Chrome 45 launches without NPAPI plugin support
Google Chrome users who rely on functionality that NPAPI plugins provide won't be able to make use of it anymore with the release of Chrome 45. NPAPI-only plugins such as Java or Silverlight are used throughout the web and while their use is declining, there are numerous applications and services that make use of either one or another plugin.
Google announced back in 2014 that it would retire NPAPI plugin support in all versions of Chrome from January 2015 on.
The staged roll-out of the end of NPAPI started in January 2015 with the disabling of all but the most popular and prominent plugins. Then, in April 2015, support was disabled but an override switch allowed users and administrators to re-enable support for the time being.
Starting with Chrome 45, released to the stable channel yesterday, bypass options have been removed complete which means that Chrome users who run any of the official versions of the browser cannot run NPAPI plugins anymore.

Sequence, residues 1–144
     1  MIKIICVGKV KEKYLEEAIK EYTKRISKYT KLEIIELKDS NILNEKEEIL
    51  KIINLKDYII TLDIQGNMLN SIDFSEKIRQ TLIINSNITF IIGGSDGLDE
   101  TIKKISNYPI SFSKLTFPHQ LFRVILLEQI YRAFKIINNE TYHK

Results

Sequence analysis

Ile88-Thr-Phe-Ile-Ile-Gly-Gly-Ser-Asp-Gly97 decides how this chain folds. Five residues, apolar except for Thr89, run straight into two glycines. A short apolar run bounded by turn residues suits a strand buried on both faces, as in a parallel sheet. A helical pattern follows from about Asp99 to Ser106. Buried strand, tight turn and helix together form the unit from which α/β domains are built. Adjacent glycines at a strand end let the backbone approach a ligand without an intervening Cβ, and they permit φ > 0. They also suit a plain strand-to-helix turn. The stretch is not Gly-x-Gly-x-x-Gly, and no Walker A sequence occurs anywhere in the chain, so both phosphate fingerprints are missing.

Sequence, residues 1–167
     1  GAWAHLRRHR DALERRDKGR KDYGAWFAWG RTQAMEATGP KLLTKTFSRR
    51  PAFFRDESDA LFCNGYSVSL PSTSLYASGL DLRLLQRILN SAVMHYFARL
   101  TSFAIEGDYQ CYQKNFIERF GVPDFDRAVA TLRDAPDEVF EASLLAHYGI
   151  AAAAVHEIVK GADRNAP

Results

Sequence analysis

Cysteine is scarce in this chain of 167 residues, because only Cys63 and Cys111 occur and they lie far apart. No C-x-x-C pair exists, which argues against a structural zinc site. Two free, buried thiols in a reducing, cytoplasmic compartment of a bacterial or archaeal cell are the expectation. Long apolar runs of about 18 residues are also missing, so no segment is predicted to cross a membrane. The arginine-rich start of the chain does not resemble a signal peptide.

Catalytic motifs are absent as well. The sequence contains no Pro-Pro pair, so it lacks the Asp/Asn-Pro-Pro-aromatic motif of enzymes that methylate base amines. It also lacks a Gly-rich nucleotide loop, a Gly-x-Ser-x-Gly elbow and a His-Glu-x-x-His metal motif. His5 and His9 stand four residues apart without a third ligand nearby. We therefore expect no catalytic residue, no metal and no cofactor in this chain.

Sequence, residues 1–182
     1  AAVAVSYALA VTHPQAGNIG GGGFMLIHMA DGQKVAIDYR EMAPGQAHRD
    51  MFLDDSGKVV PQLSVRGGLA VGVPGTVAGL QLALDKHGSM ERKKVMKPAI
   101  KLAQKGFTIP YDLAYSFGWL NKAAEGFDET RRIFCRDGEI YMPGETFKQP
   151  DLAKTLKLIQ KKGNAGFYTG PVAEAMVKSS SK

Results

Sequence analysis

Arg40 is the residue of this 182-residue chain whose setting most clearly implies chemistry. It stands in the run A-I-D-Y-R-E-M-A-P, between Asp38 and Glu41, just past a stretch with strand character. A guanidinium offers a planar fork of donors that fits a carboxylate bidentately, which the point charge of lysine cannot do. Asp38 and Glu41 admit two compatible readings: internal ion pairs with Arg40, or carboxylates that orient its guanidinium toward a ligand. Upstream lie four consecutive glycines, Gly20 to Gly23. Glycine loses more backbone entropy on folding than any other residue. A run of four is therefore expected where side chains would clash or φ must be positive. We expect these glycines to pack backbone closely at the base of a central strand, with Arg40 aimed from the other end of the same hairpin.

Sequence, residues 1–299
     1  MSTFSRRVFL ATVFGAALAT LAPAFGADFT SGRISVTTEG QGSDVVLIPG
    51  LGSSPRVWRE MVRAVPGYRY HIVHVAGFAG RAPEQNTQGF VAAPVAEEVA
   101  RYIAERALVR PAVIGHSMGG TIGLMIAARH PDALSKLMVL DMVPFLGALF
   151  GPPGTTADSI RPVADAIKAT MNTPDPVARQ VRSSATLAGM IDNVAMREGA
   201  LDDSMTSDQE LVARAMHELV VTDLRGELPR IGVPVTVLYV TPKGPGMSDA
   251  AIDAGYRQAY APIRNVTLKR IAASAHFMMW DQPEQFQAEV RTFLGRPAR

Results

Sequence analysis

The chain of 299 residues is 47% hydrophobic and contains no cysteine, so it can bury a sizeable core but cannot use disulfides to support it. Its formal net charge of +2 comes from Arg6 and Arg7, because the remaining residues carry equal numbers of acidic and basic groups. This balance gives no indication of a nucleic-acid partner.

What's interesting about this is that this is true for all versions of Chrome including Enterprise.
The workaround, available as a flag on the browser's experiments page, is not working anymore as Google removed the flag with the update to Chrome 45.
This means that Chrome users cannot run NPAPI plugins, Java or Silverlight come to mind, anymore in the web browser as there is no bypass option anymore.
Note: Chrome continues to support so-called PPAPI plugins. If you open chrome://plugins you will notice that it supports Adobe Flash for example as it is loaded as a PPAPI plugin.
Since there is no alternative available for Chrome users, the only option left is to use a browser that continues to support NPAPI plugins.
While you could select the closes matching browser, Opera for instance, it is not clear how long they will support NPAPI plugins either considering that they share a codebase with Chrome.
This leaves Mozilla Firefox as the best choice when it comes to NPAPI plugin support.
Now You: Do you access contents regularly on the web that require NPAPI plugins?
On my dail-use browser (which is neither Chrome nor Chromium based) I am hardly using any plugins these days, most are disabled, Flash and Java are on “Ask to activate” and there are very few websites that require me to do this (some older videos). Main use for Flash on the sites I visit regularly seem to be ads. As much as I love those sites, Flash ads are a no-go.
Flash ads are blocked in Chrome since Sept.1
They are block on my rigs since…. many years without Chrome.
>Do you access contents regularly on the web that require NPAPI plugins?
Nah, maybe twice a year at most.